You also have to provide documentation from a victim services organization, an attorney, a member of the clergy, or a medical or other professional from who you sought help from in addressing domestic, sexual, or gender violence; or a police or court record; or other evidence.1

Note: Whenever you ask for time off to deal with issues related to domestic, sexual, or gender violence, it might be a good idea to ask your employer in writing, and to keep a copy of the letter. This way, if the employer denies you the time off, you have some proof that you asked for it in case you decide to bring legal action against the employer for violating the law.

1 820 ILCS § 180/20(c)

Can I ask for “accommodations” at work to keep me safe from domestic, sexual, or gender violence?

You may have the right to ask for “reasonable” changes at work that will keep you safe from domestic, sexual, or gender violence. For example, you can request a transfer, reassignment, or modified schedule, a changed telephone number or seating assignment, a lock, or other safety procedures, in response to domestic, sexual, or gender violence, or threats of domestic, sexual, or gender violence.1

Your employer can deny your request for accommodations (changes) at work if your employer can show that the changes you are seeking are too hard for them to do. For example, if it would be too expensive, would cause other problems at work, or would not allow for work to get done in your department, then they can deny your request as being an “undue hardship.”2

You might want to consult with your local branch of the Illinois Human Rights Commission if you have any questions about your employer denying your request for accommodations at work.

Note: Although Illinois law does not require that you make the request for an accommodation in writing, it might be a good idea to do so. This way, you can be clear to your employer about what types of changes you need, and you have proof that you asked for the changes if your employer denies your request and you choose to pursue legal action against the employer. You might want to include copies of court records, police reports, or the same type of information that you would show to your employer if you were requesting time off from work for domestic, sexual, or gender violence issues.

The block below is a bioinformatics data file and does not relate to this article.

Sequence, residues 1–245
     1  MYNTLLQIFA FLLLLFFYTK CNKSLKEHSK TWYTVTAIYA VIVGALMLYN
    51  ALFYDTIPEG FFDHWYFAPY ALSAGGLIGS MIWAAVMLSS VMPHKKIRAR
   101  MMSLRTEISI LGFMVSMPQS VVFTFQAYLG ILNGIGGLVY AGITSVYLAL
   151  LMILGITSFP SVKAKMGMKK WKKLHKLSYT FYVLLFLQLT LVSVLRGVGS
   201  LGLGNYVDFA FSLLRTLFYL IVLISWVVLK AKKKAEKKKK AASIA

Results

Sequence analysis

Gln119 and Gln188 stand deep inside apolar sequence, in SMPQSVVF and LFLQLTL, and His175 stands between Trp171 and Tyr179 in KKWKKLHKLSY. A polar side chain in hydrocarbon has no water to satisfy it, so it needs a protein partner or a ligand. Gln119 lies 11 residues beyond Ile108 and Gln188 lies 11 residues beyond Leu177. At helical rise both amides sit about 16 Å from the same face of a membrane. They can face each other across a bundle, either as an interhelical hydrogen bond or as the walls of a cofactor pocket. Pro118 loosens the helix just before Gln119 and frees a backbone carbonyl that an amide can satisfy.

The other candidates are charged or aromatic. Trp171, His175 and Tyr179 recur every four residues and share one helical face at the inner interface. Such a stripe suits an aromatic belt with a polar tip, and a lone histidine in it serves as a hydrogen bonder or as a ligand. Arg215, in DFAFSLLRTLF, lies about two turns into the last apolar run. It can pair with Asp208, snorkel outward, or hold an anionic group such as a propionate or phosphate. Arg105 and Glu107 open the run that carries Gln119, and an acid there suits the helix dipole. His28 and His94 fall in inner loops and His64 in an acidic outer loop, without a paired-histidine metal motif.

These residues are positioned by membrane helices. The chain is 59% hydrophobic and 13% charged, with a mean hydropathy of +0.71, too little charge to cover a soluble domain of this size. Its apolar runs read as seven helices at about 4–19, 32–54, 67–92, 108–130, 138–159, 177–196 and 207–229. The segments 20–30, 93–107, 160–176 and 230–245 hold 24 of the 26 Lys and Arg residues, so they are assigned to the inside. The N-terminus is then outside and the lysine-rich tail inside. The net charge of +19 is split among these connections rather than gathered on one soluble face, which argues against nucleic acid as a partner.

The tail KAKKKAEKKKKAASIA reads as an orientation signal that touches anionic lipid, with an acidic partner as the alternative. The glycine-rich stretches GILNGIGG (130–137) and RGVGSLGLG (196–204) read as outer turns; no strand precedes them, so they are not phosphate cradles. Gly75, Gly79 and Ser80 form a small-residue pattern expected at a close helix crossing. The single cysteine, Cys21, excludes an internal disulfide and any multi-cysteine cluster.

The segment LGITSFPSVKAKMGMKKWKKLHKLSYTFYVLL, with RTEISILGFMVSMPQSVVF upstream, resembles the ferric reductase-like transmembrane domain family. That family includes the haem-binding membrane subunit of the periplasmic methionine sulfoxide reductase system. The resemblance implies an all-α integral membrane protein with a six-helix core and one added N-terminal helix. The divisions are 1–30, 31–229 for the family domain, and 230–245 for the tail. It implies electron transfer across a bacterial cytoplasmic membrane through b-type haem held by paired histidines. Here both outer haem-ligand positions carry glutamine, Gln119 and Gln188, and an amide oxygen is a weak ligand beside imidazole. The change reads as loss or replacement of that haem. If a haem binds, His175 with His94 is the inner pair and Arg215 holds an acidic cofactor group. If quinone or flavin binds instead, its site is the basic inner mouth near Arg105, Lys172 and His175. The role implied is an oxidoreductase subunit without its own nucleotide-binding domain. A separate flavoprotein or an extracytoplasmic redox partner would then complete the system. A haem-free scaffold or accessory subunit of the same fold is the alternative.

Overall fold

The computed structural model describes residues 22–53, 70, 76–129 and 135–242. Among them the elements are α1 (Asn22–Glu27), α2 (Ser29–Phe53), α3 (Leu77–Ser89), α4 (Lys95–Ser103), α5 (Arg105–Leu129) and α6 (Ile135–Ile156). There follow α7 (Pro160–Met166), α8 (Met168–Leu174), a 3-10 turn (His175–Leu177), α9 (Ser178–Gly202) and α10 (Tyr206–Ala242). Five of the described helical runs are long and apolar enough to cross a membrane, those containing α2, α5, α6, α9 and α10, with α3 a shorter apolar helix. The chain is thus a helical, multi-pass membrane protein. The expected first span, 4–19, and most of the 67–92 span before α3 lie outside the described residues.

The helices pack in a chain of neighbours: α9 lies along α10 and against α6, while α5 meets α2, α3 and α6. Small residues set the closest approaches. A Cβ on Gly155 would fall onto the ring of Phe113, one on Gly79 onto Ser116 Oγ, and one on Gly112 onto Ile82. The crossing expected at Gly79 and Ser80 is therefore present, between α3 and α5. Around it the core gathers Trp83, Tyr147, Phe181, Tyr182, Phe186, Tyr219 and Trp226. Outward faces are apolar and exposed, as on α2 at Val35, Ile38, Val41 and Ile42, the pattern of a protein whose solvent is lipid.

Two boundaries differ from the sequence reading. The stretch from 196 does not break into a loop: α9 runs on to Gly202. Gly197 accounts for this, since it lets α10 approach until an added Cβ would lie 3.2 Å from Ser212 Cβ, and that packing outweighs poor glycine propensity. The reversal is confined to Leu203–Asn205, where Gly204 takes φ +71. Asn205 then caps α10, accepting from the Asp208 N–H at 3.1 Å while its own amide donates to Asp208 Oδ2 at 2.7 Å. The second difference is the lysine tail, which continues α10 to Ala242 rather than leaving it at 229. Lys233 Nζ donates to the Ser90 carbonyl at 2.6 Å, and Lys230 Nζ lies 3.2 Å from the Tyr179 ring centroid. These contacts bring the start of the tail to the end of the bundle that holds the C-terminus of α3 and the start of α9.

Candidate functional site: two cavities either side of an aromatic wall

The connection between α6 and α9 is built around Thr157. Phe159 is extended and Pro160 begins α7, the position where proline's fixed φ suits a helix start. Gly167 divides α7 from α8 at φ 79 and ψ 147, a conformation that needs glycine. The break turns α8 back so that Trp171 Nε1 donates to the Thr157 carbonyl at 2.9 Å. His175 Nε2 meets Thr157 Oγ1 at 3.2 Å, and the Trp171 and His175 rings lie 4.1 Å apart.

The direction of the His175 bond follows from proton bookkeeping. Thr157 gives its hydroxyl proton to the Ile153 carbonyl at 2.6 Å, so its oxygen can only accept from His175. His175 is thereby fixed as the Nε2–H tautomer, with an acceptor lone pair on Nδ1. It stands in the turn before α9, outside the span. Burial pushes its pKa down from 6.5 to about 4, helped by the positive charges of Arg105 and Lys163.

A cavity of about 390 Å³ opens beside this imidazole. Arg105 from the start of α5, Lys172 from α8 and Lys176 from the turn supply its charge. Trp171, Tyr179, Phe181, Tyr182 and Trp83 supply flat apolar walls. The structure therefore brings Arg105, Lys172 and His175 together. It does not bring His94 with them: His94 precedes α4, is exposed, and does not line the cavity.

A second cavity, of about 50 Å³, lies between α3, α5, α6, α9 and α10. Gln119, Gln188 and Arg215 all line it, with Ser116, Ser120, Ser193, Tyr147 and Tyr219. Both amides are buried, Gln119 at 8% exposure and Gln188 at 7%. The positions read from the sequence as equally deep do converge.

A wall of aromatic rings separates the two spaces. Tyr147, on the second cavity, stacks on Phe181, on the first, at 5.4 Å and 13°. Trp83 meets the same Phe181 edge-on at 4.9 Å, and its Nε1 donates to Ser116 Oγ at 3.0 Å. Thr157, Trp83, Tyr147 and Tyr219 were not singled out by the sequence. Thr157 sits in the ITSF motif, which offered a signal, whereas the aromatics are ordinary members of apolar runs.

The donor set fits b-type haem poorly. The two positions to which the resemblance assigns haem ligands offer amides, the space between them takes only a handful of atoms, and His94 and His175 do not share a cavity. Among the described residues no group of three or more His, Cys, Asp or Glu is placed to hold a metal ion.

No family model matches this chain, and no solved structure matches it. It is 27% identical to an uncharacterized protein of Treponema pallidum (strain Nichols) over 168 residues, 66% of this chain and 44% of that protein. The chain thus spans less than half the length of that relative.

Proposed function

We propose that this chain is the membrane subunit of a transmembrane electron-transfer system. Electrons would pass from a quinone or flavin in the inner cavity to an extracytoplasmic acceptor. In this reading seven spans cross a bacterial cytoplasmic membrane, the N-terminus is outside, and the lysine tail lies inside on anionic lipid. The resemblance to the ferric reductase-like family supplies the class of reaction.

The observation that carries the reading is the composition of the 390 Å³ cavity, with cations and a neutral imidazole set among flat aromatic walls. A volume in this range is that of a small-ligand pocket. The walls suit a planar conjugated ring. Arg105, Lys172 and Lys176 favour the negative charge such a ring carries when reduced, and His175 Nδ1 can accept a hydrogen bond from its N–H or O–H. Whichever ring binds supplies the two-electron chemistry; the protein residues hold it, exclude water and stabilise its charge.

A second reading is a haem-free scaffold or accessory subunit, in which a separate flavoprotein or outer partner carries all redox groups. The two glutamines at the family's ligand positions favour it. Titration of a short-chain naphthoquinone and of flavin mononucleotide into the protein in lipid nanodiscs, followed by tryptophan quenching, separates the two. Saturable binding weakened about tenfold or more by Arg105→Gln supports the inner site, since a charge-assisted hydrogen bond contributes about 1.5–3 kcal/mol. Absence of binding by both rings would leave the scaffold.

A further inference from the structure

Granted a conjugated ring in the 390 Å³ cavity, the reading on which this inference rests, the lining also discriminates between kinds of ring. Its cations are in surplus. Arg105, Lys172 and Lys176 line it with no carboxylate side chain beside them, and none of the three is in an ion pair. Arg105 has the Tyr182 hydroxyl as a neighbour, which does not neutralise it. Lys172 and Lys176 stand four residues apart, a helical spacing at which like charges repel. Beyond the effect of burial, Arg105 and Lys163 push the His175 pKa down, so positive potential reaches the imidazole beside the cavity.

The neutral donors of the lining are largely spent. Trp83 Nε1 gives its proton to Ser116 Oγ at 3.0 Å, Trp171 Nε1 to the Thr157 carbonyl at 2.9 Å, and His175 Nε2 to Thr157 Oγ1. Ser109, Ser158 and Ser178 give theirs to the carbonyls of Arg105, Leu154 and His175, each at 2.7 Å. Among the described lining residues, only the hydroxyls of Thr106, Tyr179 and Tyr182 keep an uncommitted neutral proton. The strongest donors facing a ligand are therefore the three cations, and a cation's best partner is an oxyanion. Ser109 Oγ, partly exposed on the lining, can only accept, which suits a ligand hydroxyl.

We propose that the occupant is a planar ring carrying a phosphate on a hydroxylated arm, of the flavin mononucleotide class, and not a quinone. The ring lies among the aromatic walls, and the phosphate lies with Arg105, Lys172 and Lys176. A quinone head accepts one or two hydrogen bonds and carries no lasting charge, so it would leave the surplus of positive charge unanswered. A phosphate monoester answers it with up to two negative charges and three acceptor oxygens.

1 820 ILCS § 180/30(a)(1)(C)
2 820 ILCS § 180/30(b)(4)

What your employer can and cannot do

Is it legal for my employer to harass me or tell my co-workers if I take time off to deal with domestic, sexual, or gender violence?

Your employer cannot fire you, harass you, or punish you in any way just because you ask for and/or take this time off to deal with domestic, sexual, or gender violence issues or because you are a victim.1

Also, the law requires your employer to keep your domestic, sexual, or gender violence situation private (confidential). For example, your employer cannot tell your co-workers, your clients, or other employers that you took time off to deal with domestic, sexual, or gender violence. Your employer also cannot talk about or write about the reason for your time off. They must also keep private any documents that you give them that relate to your domestic, sexual, or gender violence situation.2

1 820 ILCS § 180/30
2 820 ILCS § 180/20(d)

I got fired from my job after taking time off for domestic, sexual, or gender violence. Is that legal?

The law says that your employer cannot fire you or punish you because you took off time from work to address your domestic, sexual, or gender violence issues. They also cannot fire you or punish you because you asked for or were given “accommodations” (changes) at work to help you with your domestic, sexual, or gender violence issues.1 However, your employer can still fire you or punish you for other valid reasons, such as budget cuts, not doing your job well, or reasons that have nothing to do with your domestic, sexual, or gender violence situation. For example, if you took off from work to deal with domestic, sexual, or gender violence issues and six months later, your company fired 200 workers based on budget cuts, you can be fired too.

Note: Sometimes, an employer will offer a fake reason for firing someone, to hide the real reason. If you have facts or evidence that: (1) your employer is not being truthful about why they fired you; and (2) that the real reason they fired you was because you took off time for domestic, sexual, or gender violence issues, then you might want to contact an attorney who specializes in employment discrimination or contact the Illinois Human Rights Commission.

1 820 ILCS § 180/30